Tougher voter ID laws in many states have some wondering if they could hinder voter turnout among college students.
There seems to be no definitive ID law. What’s required at the voting booth varies from state to state. Tennessee, for example, requires voters to present a photo ID to vote, but student IDs aren’t considered valid for that purpose. A Texas law, which is now in the courts, enables use of a concealed weapons permit as a voter ID, but not a student ID card.
In Pennsylvania, a photo ID with an expiration date is required. Many schools there are producing stickers that can be affixed to student IDs.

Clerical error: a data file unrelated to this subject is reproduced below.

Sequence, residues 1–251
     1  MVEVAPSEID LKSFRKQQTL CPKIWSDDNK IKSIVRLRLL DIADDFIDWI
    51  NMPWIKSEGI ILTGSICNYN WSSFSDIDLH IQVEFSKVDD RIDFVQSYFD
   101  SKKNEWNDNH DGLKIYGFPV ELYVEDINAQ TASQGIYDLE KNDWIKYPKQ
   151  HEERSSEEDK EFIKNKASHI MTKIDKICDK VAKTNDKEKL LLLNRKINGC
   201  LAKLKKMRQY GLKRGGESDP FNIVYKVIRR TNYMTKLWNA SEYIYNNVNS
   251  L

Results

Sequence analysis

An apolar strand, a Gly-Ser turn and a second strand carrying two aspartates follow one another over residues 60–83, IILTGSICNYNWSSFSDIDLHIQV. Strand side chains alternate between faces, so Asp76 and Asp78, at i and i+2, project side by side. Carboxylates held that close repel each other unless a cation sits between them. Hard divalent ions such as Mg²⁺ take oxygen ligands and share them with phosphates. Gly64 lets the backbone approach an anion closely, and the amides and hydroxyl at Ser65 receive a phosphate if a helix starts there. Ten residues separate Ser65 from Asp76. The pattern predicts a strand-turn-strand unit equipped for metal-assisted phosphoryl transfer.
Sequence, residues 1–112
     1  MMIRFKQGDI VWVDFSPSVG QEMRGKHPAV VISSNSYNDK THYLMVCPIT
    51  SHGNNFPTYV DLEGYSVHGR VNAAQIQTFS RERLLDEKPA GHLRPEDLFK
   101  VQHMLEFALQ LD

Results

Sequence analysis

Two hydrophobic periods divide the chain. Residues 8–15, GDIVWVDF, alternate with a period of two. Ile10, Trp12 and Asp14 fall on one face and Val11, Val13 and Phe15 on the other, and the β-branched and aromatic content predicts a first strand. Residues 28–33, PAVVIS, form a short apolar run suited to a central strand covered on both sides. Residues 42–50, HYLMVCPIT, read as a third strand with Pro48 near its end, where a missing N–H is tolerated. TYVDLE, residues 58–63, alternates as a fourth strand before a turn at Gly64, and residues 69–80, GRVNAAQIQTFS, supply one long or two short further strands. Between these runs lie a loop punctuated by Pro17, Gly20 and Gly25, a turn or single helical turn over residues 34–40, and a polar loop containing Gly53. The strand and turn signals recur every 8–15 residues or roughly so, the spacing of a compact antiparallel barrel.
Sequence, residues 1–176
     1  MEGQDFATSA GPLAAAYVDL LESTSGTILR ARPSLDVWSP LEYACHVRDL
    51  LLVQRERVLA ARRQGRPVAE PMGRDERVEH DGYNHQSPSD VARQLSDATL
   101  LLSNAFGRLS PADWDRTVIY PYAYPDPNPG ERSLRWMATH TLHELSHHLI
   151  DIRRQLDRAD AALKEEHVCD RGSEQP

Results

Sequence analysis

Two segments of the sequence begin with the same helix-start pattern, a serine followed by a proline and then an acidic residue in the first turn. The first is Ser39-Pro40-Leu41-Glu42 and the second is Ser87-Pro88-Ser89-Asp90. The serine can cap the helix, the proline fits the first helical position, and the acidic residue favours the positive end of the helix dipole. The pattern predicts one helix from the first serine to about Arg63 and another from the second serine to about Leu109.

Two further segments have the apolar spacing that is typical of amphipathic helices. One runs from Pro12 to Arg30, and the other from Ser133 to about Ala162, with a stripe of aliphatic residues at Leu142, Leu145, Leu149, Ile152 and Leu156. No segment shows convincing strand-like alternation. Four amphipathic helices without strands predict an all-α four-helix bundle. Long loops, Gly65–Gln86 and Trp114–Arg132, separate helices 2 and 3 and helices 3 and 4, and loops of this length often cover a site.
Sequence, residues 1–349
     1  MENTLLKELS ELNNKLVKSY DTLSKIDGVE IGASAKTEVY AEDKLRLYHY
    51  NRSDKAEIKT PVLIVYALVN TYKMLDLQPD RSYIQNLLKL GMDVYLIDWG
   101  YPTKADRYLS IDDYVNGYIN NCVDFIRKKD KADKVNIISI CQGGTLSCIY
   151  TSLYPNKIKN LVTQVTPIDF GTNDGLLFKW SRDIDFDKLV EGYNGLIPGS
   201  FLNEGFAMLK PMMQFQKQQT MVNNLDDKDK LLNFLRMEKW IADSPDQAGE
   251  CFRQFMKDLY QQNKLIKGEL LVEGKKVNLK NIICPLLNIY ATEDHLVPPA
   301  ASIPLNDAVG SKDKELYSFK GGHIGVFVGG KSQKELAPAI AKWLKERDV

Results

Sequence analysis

A new voter ID law in Kansas is less restrictive. It requires students to submit a photo ID to cast a ballot, but student IDs from any “accredited postsecondary institution in Kansas” are considered acceptable. Missourians can use non-photo IDs, and college, university, and vocational and technical school IDs are valid in the state.
The new laws set up “more obstacles (for student voters),” commented an attorney with the Atlanta-based Voting Rights Project of the American Civil Liberties Union. “For a demographic that sometimes struggles to get out to the polls, it’s much more challenging.”
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